Hold Tight! - One for the road
 
Chapter 6
 
Page 55
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Hold Tight!
Chapter 6
Southampton
35 Fans
36 Smash hits
37 New money
38 Eastleigh
39 Tight squeeze
40 Romsey
41 Hythe
42 Holy city
43 Docks tours
44 Fawley & Calshot
45 Kids and animals
46 Hot stuff
47 Police, stop
48 Flic storys
49 Specials
50 Just sack me!
51 Machine wars
52 Not funny
53 Borrowing
54 Demon drink
55 One for the road
56 Disputes
Chapters
1 Beginnings
2 Learning
3 Getting Away
4 Winchester
5 Freedom
6 Southampton
7 City Transport
 
<< Back Two pints of lager ..... Next >>
..... and a packet of extra strong mints.
Drinking on duty was, of course, not permitted. Indeed we were not even allowed on licenced premises. Even so ....
There were two pubs at the bus station in Southampton and crews on standby often had to be fetched to do a journey. Most of the termini on Hants & Dorset routes had pubs too. Sometimes inspectors would be sent out to catch crews drinking, often we were tipped off. I had a narrow escape one evening at Fair Oak, a place where I and the driver I was with that night had stopped for a pint on more than one occasion. For some reason we had decided not to go to the pub and were sitting on the bus when the inspector's car pulled up.
Bus companies like Hants & Dorset carried parcels as well as passengers. We collected and delivered parcels at bus stations and at parcels agents along the major routes. A conductor, with many years service, was caught in The Shoe at Plaitford but before he had time to buy a drink. When he was summoned to the office, the depot superintendent asked him why he was in the public bar. His reply that the pub was too busy for anyone to come to the side door was readily accepted, not least because he had been caught by a Wilts & Dorset inspector and not one of ours.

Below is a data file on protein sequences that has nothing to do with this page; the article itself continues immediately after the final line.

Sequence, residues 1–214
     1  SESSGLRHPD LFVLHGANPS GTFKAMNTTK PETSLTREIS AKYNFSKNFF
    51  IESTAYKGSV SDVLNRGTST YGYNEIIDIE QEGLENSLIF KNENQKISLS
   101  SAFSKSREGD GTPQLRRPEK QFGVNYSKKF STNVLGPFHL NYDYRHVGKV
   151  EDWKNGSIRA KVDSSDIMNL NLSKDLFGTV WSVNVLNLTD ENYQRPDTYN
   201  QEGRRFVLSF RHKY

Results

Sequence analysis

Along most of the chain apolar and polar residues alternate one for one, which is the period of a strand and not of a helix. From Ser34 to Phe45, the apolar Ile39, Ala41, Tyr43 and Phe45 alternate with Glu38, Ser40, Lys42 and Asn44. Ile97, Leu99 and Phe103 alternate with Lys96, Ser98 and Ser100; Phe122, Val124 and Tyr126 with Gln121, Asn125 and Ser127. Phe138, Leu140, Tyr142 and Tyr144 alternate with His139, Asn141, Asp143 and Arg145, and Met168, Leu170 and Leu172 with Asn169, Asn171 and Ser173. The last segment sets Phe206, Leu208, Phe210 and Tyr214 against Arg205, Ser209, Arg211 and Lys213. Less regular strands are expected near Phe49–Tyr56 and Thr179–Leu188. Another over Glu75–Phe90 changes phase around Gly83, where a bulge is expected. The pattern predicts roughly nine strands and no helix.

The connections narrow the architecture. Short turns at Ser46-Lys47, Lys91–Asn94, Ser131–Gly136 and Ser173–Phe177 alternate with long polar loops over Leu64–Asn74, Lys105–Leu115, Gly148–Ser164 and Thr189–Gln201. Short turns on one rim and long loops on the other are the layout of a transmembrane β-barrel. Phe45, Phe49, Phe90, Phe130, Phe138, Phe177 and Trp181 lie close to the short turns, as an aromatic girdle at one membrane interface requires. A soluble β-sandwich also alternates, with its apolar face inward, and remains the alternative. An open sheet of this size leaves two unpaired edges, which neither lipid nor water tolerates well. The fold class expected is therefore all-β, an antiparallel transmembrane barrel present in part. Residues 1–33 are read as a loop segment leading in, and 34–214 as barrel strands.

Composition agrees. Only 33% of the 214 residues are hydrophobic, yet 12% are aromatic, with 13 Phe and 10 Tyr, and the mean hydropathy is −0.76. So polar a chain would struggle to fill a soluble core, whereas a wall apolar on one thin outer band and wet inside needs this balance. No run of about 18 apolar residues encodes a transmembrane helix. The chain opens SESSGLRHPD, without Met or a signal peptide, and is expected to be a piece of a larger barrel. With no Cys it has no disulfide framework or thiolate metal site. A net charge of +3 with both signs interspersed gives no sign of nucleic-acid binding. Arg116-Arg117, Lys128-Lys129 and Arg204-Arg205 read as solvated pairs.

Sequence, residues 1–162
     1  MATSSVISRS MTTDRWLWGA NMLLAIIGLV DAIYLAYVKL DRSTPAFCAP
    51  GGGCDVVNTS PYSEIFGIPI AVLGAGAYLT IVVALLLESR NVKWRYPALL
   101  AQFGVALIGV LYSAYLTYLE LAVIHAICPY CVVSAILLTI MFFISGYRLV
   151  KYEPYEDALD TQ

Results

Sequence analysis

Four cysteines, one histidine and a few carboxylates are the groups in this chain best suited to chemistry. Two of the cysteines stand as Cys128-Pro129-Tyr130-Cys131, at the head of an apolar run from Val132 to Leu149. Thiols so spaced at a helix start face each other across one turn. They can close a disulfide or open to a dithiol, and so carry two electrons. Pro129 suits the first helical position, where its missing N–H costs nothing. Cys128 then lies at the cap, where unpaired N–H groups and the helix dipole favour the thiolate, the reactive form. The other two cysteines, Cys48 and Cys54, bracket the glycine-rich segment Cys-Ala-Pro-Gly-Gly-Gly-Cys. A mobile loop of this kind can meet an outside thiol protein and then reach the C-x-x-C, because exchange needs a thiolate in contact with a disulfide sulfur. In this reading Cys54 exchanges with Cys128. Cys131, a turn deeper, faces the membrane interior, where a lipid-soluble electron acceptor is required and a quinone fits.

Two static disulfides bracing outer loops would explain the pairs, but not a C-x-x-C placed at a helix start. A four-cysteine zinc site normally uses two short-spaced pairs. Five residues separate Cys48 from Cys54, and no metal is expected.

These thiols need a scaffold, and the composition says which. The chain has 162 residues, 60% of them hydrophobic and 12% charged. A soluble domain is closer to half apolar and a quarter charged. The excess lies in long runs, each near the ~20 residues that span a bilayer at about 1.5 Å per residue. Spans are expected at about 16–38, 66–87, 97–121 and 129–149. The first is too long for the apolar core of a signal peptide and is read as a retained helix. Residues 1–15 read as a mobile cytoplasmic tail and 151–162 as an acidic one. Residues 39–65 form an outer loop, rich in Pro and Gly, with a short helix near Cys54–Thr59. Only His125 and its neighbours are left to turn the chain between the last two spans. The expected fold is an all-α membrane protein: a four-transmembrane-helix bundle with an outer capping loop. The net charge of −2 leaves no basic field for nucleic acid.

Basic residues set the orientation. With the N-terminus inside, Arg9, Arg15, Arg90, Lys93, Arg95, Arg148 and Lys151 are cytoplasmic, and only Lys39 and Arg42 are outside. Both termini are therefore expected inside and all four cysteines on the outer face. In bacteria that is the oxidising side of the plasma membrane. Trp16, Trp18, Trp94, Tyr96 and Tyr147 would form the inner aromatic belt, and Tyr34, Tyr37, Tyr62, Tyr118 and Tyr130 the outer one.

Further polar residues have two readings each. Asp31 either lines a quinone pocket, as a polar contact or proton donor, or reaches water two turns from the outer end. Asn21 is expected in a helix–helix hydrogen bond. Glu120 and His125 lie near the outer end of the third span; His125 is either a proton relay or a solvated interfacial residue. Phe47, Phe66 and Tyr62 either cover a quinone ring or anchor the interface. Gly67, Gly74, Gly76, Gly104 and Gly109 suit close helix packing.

But you have to obey orders. Another conductor, told by his driver that there was something wrong with the brakes, found the nearest phone was out of order. The phone in the pub was working and when he asked what he should do was told to stay exactly where he was. He did not argue.
One of the breweries held a beer tasting in the rooms above the Co-op Travel Agency across the road from the bus station. The idea was that people would take a sip of several different beers and then score them. Unfortunately the event had not been publicised so the people running it came over to the bus station for volunteers. But as there was a lot of beer and a limited number of drivers and conductors, we had to drink a pint of each.
There was one time I was particularly glad when the pubs opened in the morning. And not because I wanted a drink, just a smooth ride. At Winchester we had a driver who at six thirty in the morning could not drive to save his life, let alone mine. With erratic steering, wild gear changes and sharp braking he threw me round the bus. Until he managed to get a couple of drinks inside him. Then all was peace and calm for the rest of the day.
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